Last Friday, I got my first paycheck. Could it be that I am finally moving out of perpetual Micawberism to something a bit more...pocket-moneyish? Seems like. The first week of nannying went quite well and my two wards and I even wrote and illustrated bed-time books for them. That was, after all, Lila's (5) first condition upon hearing I was an author: "Can Miss Rachel help me write a book? She can write the words and I'll draw the pictures." And so we did. This masterpiece is entitled: The Princess And Her Dragon and is about a royal who is afraid of the dark and the brave and "huge-big" dragon named William who is given to her as a gift to puff fire all night so she won't be without light. Lila dictated to me and most of the words were her own. (Including the rather pithy line: "And she was no longer afraid because she had the moon and the stars and fire and she knew that light was on her side.") In case you were wondering, for Lila, this was rather autobiographical. All except the dragon part. She specifically asked to write a book to read before bed so she would not be afraid.

I am excited for two reasons:

#1: I ought to be getting Elisabeth Grace Foley's Mrs. Meade Mysteries Vol. I today and I am looking forward to being able to read these stories in paperback edition. I am in the middle of three books right now so I can't start straight away, but I shall soon!

#2: Anne Elisabeth emailed me this morning and we have an official release date for Five Glass Slippers! Not certain whether it was meant to be public but I tweeted and spilled the proverbial beans before giving it much thought so, you will all be able to purchase this amazing collection of stories on

June 14th, 2014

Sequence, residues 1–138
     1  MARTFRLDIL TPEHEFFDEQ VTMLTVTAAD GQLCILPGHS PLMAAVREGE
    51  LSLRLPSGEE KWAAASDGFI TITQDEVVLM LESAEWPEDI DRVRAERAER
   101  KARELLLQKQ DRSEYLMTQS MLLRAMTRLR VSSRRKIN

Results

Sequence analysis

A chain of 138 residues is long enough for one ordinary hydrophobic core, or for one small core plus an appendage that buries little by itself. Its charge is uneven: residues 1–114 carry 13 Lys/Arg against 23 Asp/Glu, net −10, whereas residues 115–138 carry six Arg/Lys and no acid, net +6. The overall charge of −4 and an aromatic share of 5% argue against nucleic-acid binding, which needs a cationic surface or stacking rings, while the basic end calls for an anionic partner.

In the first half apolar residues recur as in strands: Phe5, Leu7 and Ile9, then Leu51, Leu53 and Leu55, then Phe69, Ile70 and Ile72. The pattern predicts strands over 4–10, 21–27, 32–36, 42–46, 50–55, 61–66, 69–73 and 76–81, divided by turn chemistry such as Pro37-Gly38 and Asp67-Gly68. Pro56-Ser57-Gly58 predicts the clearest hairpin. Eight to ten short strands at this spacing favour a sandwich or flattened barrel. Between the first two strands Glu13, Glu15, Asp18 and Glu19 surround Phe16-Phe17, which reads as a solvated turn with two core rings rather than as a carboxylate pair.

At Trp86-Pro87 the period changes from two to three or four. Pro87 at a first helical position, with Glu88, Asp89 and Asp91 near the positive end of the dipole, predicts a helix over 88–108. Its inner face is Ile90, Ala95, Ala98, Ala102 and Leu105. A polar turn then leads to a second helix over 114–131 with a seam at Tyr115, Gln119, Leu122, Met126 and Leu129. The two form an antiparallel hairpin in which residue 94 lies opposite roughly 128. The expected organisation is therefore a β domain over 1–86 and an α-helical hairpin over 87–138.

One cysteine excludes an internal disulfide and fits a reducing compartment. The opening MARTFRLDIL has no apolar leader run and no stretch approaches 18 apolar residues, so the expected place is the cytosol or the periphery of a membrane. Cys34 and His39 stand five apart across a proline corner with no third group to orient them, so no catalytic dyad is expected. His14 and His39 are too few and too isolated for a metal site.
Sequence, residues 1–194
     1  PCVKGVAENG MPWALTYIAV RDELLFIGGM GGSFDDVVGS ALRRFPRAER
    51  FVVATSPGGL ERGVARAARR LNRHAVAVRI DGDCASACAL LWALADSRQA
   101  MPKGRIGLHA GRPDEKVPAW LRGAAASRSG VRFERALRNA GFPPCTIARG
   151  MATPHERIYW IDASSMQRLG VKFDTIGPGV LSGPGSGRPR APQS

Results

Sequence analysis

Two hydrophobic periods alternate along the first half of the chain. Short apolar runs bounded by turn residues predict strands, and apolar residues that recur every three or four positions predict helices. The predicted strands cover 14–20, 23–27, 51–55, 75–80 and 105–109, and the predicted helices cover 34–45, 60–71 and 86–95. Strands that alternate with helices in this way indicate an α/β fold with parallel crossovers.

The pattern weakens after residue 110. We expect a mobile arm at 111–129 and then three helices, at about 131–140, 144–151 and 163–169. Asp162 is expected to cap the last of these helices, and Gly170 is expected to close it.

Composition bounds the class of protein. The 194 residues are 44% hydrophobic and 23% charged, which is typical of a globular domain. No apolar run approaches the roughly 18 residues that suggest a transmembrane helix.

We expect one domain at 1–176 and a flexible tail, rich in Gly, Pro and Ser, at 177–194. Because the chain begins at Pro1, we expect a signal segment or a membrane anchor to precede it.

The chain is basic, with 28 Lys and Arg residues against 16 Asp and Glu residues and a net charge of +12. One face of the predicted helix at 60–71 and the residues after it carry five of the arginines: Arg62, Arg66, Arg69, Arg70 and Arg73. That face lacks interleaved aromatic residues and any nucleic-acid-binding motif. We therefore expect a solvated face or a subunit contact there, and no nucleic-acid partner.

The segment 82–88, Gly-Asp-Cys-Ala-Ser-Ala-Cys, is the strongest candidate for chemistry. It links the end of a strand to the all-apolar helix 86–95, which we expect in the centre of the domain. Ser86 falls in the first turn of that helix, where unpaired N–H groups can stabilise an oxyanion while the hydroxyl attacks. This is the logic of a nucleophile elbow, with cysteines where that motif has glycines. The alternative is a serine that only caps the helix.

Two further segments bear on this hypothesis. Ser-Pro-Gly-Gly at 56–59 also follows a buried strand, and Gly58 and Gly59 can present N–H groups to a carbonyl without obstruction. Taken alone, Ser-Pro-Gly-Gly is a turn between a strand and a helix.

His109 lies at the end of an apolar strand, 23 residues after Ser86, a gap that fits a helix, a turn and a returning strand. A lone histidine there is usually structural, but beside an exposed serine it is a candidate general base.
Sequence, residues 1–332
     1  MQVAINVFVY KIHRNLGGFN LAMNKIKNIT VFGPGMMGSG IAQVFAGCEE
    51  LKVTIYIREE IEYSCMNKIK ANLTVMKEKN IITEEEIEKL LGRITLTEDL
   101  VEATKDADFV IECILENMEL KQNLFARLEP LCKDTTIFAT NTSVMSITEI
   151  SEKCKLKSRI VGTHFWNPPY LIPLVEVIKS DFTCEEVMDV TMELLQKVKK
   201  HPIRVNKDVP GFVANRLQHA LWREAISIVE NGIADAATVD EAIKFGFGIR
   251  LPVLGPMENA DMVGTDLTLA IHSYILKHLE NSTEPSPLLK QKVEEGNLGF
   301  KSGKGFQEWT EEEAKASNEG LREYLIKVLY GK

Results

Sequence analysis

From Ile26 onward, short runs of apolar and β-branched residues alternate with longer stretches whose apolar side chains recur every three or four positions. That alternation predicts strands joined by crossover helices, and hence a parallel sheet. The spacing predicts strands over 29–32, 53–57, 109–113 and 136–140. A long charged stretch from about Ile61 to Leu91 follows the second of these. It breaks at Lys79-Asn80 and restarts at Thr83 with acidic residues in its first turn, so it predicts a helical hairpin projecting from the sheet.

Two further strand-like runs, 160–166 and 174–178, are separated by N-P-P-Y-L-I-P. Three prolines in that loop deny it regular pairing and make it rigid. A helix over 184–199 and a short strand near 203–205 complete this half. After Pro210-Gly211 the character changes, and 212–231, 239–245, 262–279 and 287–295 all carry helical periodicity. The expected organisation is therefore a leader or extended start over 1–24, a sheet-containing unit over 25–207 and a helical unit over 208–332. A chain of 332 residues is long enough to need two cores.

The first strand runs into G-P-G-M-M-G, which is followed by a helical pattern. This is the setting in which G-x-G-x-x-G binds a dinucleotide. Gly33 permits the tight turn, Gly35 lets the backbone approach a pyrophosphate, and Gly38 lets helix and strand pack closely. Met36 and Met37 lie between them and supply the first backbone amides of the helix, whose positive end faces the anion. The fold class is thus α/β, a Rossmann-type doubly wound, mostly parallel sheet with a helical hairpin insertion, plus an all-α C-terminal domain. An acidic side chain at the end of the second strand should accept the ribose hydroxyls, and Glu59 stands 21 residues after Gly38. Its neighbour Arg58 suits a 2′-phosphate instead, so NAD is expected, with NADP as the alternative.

And you know what's even cooler about this news? You can officially pre-order Five Glass Slippers on Amazon.com! Also, go add it on Goodreads too! I know it's an amazing book because I let myself read the first chapter or two of each story and not only are the stories rather wonderful, but the book itself is precious in terms of interior design. You'll simply have to wait to find out what's what because I obviously cannot show you the galley-proof I also received in my inbox. If I've been a bit in regards to my own writing, it is only because I'm still editing Anon, Sir, Anon and it's going slowly because of work and on top of this, I'm about to start formatting a friend's debut novel and I'm in the depths of reading a certain amazing epic that, for all its virtues, must be read on the computer and is undoubtedly long (Wonderfully long, but length means time). So all that means that even if I knew what my next project was going to be, I have no time for it yet. So there. If you are interested to learn more about the various Cinderellas in Five Glass Slippers, you must head over to the blog dedicated to just such things and check it out! I cannot wait for June to come around so you can all read The Windy Side of Care...truly, I have a feeling you're going to like Alis... And now for some entirely random items on the list of things that you didn't need to know but will probably be interesting all the same: